THE FIRST COOPERATIVE AND SYSTEMATIZED MONITORING OF THE ARCTIC SEA ICE

(DMI - DANISH METEOROLOGICAL INSTITUTE).

The State of the Ice in the Arctic seas and the surface-temperatur of the sea in the northern Atlantic-Ocean and in Davis-Strait 1893-1930. The general title alternates a bit in the beginning and the first years bear the title "Storisen i Davis-Strædet - la "Storis" dans le détroit de Davis", then "Isforholdene i Farvandene Øst for Grønland og i Davis-Strædet - La banquise dans les mers à l'est du Grönland et dans le détroit de Davis", until they recieve the title that they continue to bear, namely "Isforholdene i de Arktiske Have (samt Havets Overfladetemperatur i det nordlige Atlanterhav og Davis-Stræde) - The State of the Ice in the Arctic seas (and the surface-temperatur of the sea in the northern Atlantic-Ocean and in Davis-Strait) ). All being separate off-prints from the Meteorological Year Book of the Danish Meteorological Institute.

(Copenhagen, DMI, 1893-1930).

Small folio. The issues 1893-1915 are all bound with all the original printed wrappers (stating that they are off-prints) for every issue (except for the front wrapper for the first issue) in four near contemporary blue half cloth bindings with gilt titles and years to spine. The issues 1916-1930 are all present in the original printed wrappers and housed in three custom-made slipcases identical to the four preceding volumes. Ste back wrapper of the 1924-issue is loose. Otherwise the set is generally in excellent condition, with stamps from the Danish Meteorological Institute, in the holdings of which it has been until the present day. With numerous charts and maps throughout.  

Scarce run of the important first Arctic Sea Ice Charts from the Danish Meteorological Institute, all in off-prints from the Meteorological Year Books of Danish Meteorological Institute, constituting a continuous run, from its very beginning in 1893, of the first 38 years. These earliest Arctic Sea ice measurements and charts are absolutely fundamental for the monitoring of sea ice and, for our ability to determine the extent of the acceleration of global warming, and for the possibility of potentially changing climate patterns.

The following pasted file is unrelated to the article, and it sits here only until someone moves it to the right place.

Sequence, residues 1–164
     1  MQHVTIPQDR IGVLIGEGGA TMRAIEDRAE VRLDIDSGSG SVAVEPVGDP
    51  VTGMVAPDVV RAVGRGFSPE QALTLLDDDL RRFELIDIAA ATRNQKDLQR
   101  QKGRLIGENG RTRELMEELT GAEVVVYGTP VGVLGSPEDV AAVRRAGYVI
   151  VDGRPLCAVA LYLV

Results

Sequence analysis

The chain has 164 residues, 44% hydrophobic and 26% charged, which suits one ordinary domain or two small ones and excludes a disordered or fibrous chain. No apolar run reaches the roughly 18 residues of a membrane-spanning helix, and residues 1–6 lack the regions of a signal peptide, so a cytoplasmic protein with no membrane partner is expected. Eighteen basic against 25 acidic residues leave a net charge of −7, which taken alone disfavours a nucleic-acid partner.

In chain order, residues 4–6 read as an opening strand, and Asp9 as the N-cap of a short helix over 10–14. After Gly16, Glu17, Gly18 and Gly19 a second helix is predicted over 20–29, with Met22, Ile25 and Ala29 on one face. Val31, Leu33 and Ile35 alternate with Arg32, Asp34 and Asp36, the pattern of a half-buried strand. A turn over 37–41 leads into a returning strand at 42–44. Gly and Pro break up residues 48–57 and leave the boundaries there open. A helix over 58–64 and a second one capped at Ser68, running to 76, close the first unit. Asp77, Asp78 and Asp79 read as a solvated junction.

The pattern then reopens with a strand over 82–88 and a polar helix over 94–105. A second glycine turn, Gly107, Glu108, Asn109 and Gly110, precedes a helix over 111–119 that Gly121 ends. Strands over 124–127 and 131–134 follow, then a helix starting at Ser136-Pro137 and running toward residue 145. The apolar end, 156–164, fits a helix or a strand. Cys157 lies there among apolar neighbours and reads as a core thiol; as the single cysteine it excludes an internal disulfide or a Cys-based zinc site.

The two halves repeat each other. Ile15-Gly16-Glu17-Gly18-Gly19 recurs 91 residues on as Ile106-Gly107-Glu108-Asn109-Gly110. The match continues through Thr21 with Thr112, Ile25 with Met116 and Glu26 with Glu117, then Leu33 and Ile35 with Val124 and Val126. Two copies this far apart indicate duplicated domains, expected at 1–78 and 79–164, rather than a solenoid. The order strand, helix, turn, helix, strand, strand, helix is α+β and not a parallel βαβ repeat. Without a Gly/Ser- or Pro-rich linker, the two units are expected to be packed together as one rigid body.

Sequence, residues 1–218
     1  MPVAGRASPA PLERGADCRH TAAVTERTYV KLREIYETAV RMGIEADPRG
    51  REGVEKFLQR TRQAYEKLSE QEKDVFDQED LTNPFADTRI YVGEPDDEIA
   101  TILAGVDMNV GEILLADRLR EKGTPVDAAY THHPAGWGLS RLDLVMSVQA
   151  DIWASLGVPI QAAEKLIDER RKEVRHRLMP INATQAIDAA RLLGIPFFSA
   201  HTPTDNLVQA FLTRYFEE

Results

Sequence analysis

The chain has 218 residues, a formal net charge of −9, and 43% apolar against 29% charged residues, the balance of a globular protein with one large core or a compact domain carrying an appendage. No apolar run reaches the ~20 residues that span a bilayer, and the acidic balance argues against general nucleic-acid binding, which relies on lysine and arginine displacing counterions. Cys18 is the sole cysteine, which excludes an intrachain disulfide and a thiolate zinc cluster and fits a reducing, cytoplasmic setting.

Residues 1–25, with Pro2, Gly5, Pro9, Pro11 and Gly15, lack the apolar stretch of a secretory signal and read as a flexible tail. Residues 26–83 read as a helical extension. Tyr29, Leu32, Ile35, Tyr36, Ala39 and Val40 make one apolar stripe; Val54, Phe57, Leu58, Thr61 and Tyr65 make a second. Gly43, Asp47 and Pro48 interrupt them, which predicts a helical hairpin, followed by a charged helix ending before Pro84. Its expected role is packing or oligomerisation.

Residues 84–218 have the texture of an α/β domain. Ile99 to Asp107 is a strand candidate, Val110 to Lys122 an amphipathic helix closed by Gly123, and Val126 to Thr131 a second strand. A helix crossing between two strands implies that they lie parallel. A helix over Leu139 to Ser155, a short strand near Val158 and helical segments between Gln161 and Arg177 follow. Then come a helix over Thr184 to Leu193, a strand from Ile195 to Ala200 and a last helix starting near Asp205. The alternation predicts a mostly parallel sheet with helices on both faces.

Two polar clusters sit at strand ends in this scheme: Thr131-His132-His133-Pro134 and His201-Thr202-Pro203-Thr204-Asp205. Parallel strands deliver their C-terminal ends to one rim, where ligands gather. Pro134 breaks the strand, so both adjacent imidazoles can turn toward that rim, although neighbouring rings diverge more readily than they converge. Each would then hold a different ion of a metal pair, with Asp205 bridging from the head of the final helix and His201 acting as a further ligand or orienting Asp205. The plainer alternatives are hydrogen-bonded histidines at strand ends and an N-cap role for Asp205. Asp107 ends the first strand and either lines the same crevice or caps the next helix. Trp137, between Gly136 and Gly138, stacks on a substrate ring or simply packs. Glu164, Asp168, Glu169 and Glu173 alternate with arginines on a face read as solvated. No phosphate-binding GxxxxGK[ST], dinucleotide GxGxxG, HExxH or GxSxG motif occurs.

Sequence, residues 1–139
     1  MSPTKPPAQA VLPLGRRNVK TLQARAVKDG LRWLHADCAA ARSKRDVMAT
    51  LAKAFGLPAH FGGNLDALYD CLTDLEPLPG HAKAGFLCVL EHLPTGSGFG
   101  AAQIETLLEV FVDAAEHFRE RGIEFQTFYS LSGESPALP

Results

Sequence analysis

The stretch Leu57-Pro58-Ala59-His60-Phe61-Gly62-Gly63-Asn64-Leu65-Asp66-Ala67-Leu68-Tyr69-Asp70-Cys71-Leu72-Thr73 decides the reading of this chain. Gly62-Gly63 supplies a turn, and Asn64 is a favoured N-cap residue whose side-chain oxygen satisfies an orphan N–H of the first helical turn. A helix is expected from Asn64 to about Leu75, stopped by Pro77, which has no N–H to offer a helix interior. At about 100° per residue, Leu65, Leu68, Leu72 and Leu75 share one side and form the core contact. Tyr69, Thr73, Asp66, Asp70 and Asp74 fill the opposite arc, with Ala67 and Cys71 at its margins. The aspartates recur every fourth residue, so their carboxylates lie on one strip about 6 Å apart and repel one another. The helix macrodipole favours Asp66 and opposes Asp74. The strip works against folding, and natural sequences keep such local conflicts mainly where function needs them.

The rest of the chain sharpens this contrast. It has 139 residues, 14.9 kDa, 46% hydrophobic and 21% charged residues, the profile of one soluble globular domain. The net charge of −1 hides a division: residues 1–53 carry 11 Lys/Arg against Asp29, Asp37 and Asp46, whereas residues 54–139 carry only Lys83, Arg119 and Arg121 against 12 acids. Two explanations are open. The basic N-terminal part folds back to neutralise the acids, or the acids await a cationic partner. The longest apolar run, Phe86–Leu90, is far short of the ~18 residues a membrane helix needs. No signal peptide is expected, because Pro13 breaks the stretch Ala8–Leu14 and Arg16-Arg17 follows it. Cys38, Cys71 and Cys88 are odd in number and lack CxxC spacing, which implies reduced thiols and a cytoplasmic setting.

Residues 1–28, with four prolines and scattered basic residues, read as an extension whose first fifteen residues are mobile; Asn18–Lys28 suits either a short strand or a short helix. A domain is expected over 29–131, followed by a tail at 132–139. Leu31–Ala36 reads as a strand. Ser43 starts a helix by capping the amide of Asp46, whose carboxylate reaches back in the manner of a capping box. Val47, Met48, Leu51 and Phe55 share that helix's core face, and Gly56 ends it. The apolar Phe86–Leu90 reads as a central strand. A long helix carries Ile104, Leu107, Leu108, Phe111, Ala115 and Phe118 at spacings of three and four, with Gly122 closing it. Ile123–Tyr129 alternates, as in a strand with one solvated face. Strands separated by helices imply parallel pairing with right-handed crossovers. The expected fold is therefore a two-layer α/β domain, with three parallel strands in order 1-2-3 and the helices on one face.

"...the maps from the Danish Meteorological Institute. These are remarkable for their information value and because they represent a cooperative international effort to report ice conditions in a systematic way that was sustained over decades." (Florence Fetterer: Piecing together the Arctic's sea ice history back to 1850, in: Carbon Brief).

"These charts, created by the Danish Meteorological Institute (DMI), provide observed and inferred sea ice extent for each summer month from 1893 to 1956. From 1893 to 1956, the Danish Meteorological Institute (DMI) created charts of observed and inferred sea ice extent for each summer month. These charts are based on compiled observations of ice conditions reported by a variable network of national organizations, shore-based observers, scientific expeditions, and ships as detailed in each report; in cases where no observations were available, the lead mapmakers extrapolated further ice cover using their knowledge of ice movement." (DMI - Danish Meteorological Institute).

The early surveillance of the Arctic Sea Ice has been of immense importance to the development of climate change science. It is the cause of the determination of global warming and the primary proof we have of the deterioration of sea ice, the heating of the oceans and the rice of Arctic temperatures. These seminal charts constitute one of the very most important sources to our understanding of this world-threatening phenomenon.

"Over the last three centuries, geographers, oceanographers, geophysicists, glaciologists, climatologists, and geoengineers have shown great interest in Arctic Ocean sea ice extent. Many of these experts envisaged an ice-free Arctic Ocean. This article studies three stages of that narrative: the belief in an ice-free Arctic Ocean, the potential for one, and the threat of one. Eighteenth and nineteenth century interest in accessing navigable polar sea routes energised the belief in an iceless polar sea; an early twentieth century North Hemispheric warm spell combined with mid-century cold war geostrategy to open the potential for drastic sea ice loss; and, most recently, climate models have illuminated the threat of a seasonally ice-free future, igniting widespread concerns about the impact this might have on Earth's natural and physical systems. This long narrative of an ice-free Arctic Ocean can help to explain modern-day scepticism of human-induced environmental change in the far north." (An ice-free Arctic Ocean: history, science, and skepticism).

Order-nr.: 59950


DKK 25.000,00